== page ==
It’s a somewhat sad fact that The Journal office does not possess a complete run of the paper. There are bound volumes of the paper from 1979 to 2013 on display (and they make fascinating reading), but in order to see every issue one must visit the Museum. There are, however – for reasons unknown – a number of isolated volumes of the paper in the back room, dating as far back as 1910 and as recently as 1972. These, too, are fascinating to dip into, so the other day I closed my eyes and picked a volume at random. My hand fell on 1928, and I pulled it off the shelf and turned to the November and December issues, to see what Ashcroft and area was doing during that long-ago Christmas season. What I found was what I find so often, when looking through old issues of the paper: that there is nothing new under the sun, and many connections between the present and the past.
Festive teas and bazaars, for example, are still a staple of the holiday festivities in our area. This fine tradition was in full swing in 1928; The Journal reported that the St. Alban’s Church Bazaar in Ashcroft was “most successful, both socially and financially”. The bazaar was hosted in the Community Hall by the St. Alban’s Church Women’s Auxiliary, and attendees came from as far afield as Clinton and points north. Tables were devoted to such items as fancy work, candy and flowers, home cooking, candles, and towels. A week later the Clinton Bazaar was equally successful. Leonard McCarty won an embroidered bedspread in one of the raffles, and among the offerings was something tantalizingly called the “mystery table”. The dance which followed was attended by people from Clinton, Ashcroft, Cache Creek, Lillooet, Pavilion, and along the Cariboo Road. They were hardy folks, back in 1928: the last dance of the night, called the “home waltz”, didn’t take place until 3 am.
Every year at Christmas we see a slew of articles about seasonal shopping. These days the focus is on online shopping, as more and more people switch from battling crowds at the mall to shopping from the comfort of their computer. In 1928, however, The Journal reported that early Christmas shopping was the new trend, stating that “The day when Christmas gift buying was left to the eleventh hour has gone the way of the long skirt and the wasp waist.” Businesses enjoyed the more leisurely pace as shoppers avoided the last-minute crush, while the post office had played its part by encouraging people to send their packages early, thereby eliminating “the congestion at or near Christmas”. With all this planning and forethought, said Journal editor R.D. Cumming, a customer would realize “the advantages of beginning early and thus getting the responsibility ‘off his chest’ before the last frantic moments.”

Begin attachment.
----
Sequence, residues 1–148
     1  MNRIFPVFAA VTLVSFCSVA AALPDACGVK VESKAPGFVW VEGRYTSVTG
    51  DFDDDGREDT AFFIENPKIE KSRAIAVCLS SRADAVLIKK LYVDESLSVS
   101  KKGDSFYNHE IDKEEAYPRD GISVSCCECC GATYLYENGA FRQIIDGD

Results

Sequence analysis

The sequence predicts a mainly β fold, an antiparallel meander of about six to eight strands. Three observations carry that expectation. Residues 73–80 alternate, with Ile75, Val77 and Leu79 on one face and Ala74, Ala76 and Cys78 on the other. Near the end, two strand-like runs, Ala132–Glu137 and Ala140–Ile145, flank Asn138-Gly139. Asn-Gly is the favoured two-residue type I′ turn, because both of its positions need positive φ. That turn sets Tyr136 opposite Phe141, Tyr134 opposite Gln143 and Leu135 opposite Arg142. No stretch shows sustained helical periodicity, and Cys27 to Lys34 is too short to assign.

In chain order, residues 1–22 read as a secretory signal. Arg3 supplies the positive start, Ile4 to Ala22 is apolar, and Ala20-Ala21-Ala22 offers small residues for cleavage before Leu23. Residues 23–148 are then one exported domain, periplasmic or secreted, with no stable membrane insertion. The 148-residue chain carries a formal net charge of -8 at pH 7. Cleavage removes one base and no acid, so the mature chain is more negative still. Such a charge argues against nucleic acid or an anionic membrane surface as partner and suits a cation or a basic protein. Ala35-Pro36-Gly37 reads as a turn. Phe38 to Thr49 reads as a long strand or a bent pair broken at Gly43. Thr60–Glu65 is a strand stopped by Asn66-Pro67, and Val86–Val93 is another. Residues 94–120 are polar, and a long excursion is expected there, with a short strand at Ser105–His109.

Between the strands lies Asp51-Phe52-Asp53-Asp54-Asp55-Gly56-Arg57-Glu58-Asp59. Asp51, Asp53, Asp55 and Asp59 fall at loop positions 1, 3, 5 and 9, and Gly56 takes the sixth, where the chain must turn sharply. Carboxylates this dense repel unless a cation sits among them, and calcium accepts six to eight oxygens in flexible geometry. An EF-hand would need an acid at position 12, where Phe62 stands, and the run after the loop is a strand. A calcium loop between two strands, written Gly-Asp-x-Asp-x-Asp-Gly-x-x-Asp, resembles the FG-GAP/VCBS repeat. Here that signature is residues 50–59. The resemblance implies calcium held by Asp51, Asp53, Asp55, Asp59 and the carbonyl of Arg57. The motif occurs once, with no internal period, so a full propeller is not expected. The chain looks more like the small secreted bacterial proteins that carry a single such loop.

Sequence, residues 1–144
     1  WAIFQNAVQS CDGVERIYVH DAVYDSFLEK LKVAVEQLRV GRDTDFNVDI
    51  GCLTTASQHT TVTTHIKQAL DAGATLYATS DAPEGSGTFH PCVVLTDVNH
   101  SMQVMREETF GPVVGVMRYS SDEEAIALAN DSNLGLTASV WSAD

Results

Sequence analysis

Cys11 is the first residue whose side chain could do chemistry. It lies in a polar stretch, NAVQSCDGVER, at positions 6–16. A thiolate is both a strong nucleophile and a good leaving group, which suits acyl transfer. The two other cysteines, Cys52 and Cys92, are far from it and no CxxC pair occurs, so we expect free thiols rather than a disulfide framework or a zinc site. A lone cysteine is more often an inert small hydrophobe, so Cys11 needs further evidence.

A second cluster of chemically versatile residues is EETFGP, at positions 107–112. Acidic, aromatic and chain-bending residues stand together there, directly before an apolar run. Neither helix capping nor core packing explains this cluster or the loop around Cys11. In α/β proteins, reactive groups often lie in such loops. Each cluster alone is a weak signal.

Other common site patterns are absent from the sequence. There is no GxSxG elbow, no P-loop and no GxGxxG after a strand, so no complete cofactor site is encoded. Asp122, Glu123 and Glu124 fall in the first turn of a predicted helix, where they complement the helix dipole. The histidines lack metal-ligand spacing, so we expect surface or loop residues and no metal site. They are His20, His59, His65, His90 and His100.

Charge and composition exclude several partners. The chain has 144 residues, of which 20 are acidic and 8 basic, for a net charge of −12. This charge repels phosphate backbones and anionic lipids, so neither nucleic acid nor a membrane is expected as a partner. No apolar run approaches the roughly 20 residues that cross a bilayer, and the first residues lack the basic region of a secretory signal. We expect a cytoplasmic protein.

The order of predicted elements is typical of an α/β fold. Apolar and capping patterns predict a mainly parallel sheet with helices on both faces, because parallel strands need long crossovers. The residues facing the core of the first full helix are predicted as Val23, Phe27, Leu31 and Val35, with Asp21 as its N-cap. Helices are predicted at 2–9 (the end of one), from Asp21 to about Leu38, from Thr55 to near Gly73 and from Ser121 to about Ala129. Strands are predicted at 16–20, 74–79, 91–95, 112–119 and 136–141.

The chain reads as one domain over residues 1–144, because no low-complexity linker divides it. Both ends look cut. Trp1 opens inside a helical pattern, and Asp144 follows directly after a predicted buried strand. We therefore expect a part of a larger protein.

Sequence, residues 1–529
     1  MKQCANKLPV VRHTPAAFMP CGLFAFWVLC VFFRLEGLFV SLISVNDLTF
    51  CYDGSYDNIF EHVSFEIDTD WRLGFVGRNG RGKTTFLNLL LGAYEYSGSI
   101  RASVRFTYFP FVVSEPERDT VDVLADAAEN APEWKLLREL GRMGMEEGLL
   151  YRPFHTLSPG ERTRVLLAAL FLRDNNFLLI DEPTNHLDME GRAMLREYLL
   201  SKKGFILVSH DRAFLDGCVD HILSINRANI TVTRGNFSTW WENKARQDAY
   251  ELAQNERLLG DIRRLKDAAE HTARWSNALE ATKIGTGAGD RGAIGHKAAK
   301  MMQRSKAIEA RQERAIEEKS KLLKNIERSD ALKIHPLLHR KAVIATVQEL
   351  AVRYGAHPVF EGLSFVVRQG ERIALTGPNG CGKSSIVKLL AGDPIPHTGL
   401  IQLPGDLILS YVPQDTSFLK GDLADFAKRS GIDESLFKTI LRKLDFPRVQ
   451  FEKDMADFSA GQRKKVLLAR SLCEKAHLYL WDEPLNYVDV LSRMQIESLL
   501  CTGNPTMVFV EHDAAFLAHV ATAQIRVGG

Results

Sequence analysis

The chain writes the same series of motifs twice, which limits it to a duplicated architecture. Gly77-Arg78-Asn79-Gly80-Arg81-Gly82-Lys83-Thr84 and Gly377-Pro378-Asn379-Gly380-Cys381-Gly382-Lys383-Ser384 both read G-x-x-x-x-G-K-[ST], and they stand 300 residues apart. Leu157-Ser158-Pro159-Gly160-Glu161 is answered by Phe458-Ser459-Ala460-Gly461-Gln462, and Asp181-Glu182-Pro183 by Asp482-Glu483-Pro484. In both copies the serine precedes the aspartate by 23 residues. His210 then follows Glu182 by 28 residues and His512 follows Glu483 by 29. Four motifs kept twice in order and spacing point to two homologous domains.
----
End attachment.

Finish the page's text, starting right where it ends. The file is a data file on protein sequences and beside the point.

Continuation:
In his “Social Items” column, Cumming wrote that “the Ashcroft store windows have been very beautifully decorated with Christmas suggestions during the past week. Look them over before purchasing elsewhere.” (Encouraging people to “shop locally” is not a new concept.) He also noted that “the Ashcroft Meat Market has a fine display of Christmas turkeys for sale. Don’t leave it off till the last moment.”
Merchants advertising in The Journal in the run-up to Christmas 1928 included Harvey Bailey Limited of Ashcroft, whose “stock of Winter Goods is now Complete – Everything for the COLD WEATHER”; Mark Dumond Hardware, offering Common Sense Bobsleighs (“Specially designed and built for the North West”); J.J. Ting and Co., whose stock was “going fast” and warned customers that “last minute shoppers always receive disappointment owing to a small assortment to pick from”; Canadian National Railways, which promised to get travelers back to “the Old Country for Christmas” via special sleeping cars from Vancouver to Halifax and thence by ship to points including Plymouth, Liverpool, Glasgow, London, and Belfast; and The Journal itself, which announced that it had a nice new line of “Personal greeting cards for Christmas” on display.
Finally, the sudden descent of Old Man Winter on our area last week finds its echo in a poem that appeared in The Journal on Dec. 4, 1928. Cumming wrote that “A local poet, probably a school boy or girl, sends us the following, without revealing their identity. There is nothing in the poem to be ashamed of, and it is seasonable. We would like the author to give us their name.” The unnamed poet was never identified; but although the piece was written almost 90 years ago, much of it will resonate today:
Dad says that winter’s here for good—
“Go, fill the woodbox full of wood.
And see the coal is all brought in;
Are there potatoes in the bin?
“Haven’t you swept that snow up yet?
You’d better do it quick, you bet;
And chip that ice from off the path:
Now you move fast and dodge this lath.”
And so it goes, when winter’s here,
Snow is bright and Christmas near;
And everybody’s feeling good;
And you keep splitting up more wood.
But, oh! The other side of it—
Skates, sleighs and mufflers, big warm mitts,
Hockey, snowballs, skating, coasting;
Each and every fellow boasting:
“Look how far MY sleigh will go!
I don’t care if north winds blow—”
Parties, shows and Christmas cheer:
Oh boy! At last, old winter’s here.